I have the cultivator that goes with Black & Decker 18volt system- It is small enough to use in confined spots and for an old woman to handle! It doesn't rotate, just oscillates back & forth. I love it.

Northeast, WA(Zone 5a)

Jo, is it electric, or gas?

Wake Forest, NC

Jeanette: I will seed the peppers inside. Had good success last year with the warming mat, grow lights, etc.

Looks like Jo is talking about an electric cultivator since she mentioned 18 volt system.

Richland, WA(Zone 7b)

It runs with an 18volt rechargeable battery- they go forever on a charge!

Richland, WA(Zone 7b)

Google Black & Decker 18volt system- there are 5 or 6 tools that all use the same battery- I have the hedge trimmer, cultivator, blower & string trimmer, and love them all. I have 6 chargers & 8 batteries, so I'm never out of power. They are a great investment- no cords or gas to mess with.

Northeast, WA(Zone 5a)

You were right Kent. Not thinking right. LOL

Wow Jo, that is quite a collection. Good for you!!

Eatonton, GA(Zone 8b)

Hi Guys! I'm back! Hopefully I'll be able to stick with you again this year. The past two years were a nightmare for me as a home gardener.......just didnt have the time! I even had the bales .....left to compost away...Waaah! But this year is going to be much different and I hope to have new bales soon. So glad to be here with you again!

Longview, WA(Zone 8b)

Hi Eufaula,
You could take the old bales and pack the hay/straw into some of those plastic storage bins and use them for grow boxes. Kent has built wooden containers for his old bales but you could do the same with plastic storage bins. Make sure to poke holes in the bottom for drainage.
I have some of those rope bins you can buy at WallyWorld that I have tamped full of leaves from last fall. I am going to add some soil on top and see how they do as grow bins.
Paul.

Northeast, WA(Zone 5a)

Paul, what are rope bins? Oh hi Paul, LOL

Jeanette

Eatonton, GA(Zone 8b)

Thanks Lonejack! Actually I tried it last year with plastic (4) milk crates...no luck! So Im going to try my best with true strawbales again. Ive already created a raised bed with the broken down bales and have manured them once, last fall, and will put one more spread from the chicken house compost and water in this weekend.

Longview, WA(Zone 8b)

Hi Jnette,
Rope bins are the plastic bins you see at Lowes and Wally World with the rope handles. They are about 10 gallons, but
seemed to have been getting smaller and smaller as the years go by. I have been using them for years.
They make a handy bin to do many things around the house, including cooling beer in the summer.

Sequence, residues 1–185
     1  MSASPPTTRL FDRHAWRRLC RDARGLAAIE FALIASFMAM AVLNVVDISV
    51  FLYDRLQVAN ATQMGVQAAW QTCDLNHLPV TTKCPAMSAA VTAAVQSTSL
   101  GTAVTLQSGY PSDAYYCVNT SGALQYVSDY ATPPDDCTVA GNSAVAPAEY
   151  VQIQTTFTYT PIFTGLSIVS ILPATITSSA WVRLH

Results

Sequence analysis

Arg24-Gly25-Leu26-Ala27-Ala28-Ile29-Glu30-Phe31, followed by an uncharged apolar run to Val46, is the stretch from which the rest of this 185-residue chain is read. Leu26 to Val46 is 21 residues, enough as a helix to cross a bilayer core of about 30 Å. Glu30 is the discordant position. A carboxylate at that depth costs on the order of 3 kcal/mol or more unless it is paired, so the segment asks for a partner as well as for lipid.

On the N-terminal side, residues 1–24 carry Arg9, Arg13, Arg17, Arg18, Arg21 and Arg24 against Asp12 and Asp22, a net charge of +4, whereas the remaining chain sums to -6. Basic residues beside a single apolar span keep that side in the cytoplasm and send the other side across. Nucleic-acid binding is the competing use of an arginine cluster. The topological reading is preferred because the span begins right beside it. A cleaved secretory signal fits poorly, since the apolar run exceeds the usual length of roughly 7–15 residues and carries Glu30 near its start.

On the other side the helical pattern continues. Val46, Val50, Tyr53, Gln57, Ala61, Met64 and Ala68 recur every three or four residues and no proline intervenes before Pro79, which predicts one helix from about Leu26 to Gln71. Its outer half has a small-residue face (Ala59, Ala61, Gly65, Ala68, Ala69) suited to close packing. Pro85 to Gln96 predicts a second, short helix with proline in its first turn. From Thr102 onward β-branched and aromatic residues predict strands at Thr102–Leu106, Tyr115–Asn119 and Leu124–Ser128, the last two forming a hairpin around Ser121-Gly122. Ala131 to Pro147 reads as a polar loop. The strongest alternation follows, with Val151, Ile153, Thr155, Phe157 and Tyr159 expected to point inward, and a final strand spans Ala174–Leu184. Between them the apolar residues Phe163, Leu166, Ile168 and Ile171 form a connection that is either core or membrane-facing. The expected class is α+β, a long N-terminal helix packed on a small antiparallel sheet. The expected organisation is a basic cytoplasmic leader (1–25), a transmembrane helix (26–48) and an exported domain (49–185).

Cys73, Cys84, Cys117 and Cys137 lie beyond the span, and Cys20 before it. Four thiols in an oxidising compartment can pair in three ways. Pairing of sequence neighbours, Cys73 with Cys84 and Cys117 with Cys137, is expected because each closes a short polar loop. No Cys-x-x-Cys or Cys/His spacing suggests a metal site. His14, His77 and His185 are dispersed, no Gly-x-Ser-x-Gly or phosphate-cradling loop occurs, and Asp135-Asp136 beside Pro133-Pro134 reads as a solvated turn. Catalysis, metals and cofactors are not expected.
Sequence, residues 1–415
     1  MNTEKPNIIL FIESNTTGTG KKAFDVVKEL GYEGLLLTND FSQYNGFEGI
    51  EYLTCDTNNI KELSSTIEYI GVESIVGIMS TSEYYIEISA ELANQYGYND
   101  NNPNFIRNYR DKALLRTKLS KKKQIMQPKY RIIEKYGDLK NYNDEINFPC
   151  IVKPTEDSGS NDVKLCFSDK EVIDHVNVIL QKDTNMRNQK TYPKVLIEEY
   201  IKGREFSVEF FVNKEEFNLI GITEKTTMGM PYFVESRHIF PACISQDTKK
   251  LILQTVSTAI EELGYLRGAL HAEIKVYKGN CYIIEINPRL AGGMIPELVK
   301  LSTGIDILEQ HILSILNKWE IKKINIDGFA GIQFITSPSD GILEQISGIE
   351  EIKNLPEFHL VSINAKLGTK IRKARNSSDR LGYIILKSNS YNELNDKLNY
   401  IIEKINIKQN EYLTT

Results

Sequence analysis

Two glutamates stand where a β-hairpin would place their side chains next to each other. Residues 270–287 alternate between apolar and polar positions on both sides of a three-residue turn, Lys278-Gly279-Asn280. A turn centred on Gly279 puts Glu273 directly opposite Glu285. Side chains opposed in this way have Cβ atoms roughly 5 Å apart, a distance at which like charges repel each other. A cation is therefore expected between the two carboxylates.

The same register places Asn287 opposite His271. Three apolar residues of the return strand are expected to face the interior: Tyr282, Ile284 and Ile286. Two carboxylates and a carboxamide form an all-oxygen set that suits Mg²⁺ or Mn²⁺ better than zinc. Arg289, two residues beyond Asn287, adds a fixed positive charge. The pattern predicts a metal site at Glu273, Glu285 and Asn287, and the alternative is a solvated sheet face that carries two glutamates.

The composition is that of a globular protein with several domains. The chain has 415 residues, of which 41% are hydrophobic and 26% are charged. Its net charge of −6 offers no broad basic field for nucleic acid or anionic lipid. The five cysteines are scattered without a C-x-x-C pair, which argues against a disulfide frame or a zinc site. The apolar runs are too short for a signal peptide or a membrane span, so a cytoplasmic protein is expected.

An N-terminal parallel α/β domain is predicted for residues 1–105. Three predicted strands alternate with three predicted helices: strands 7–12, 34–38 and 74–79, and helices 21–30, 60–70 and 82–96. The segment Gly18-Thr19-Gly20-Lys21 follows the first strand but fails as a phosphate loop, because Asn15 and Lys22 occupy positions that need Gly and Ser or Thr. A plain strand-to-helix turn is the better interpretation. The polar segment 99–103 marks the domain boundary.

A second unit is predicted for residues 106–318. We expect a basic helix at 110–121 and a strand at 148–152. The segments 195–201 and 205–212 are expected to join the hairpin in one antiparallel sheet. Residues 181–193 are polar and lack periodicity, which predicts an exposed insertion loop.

Here is a picture of some I bought at Wally World to use in a wading pool garden this next summer.

Thumbnail by lonejack
Hornick, IA(Zone 4b)

Lonejack I come across some of those cattle & Horse mineral tubs. some times the farmers re use them for water and other feeds but most just throw them away after the mineral is gone. they are about 21" across and 18" deep. they hold enough material to hold most root systems for garden produce. I have found that the red ones deteriorate out in the sun but the green and the black ones hold up real well. I would think that if the red ones were painted to reflect the sun rays they could hold up longer. I got them for free.
Like any container however, watering is required quite often. I also found that strawberries don't winter well in them here. May have freeze dried I'm not sure. I'm back to doing stoop labor for straw berries. Mostly hands & knees ha ha ha oh well at least they survive in the ground.
Winter here has been strange so far this year. We only had one snow in December, 2". It was gone in a couple days. and we have had maybe an 1" and 1/2 so far in Jan. and it has been unseasonably warmer than normal. usually by now we have had around 20-25" of snow on the ground. so I've been watering my fruit trees. I'm sure that by spring we will get some precip in one form or another. Or I will be doing a lot of watering.

Eufalla, how many chickens do you keep? I'm wondering about the cost and weather to keep any for eggs or just raise a small lot for the freezer, and just let them free range around the garden, so I don't have to carry them through the winter. They wouldn't be pets. lol

Northeast, WA(Zone 5a)

I would love to hve chickens Russ. But, too many predators around here. If you figure out a deterrent to spray on the chicken, let me know.

Hornick, IA(Zone 4b)

Chuckle chuckle, - - - I wonder if you could use wolf or coyote pee. I never thought of that before. I was only thinking of investing in fencing and putting them inside at night.

Longview, WA(Zone 8b)

Hi randbponder,
Here is a link for a strawberry system I have used for many years. I just sold all of my system when I moved; of course, NOW I regret the move. Isn't that the way it goes.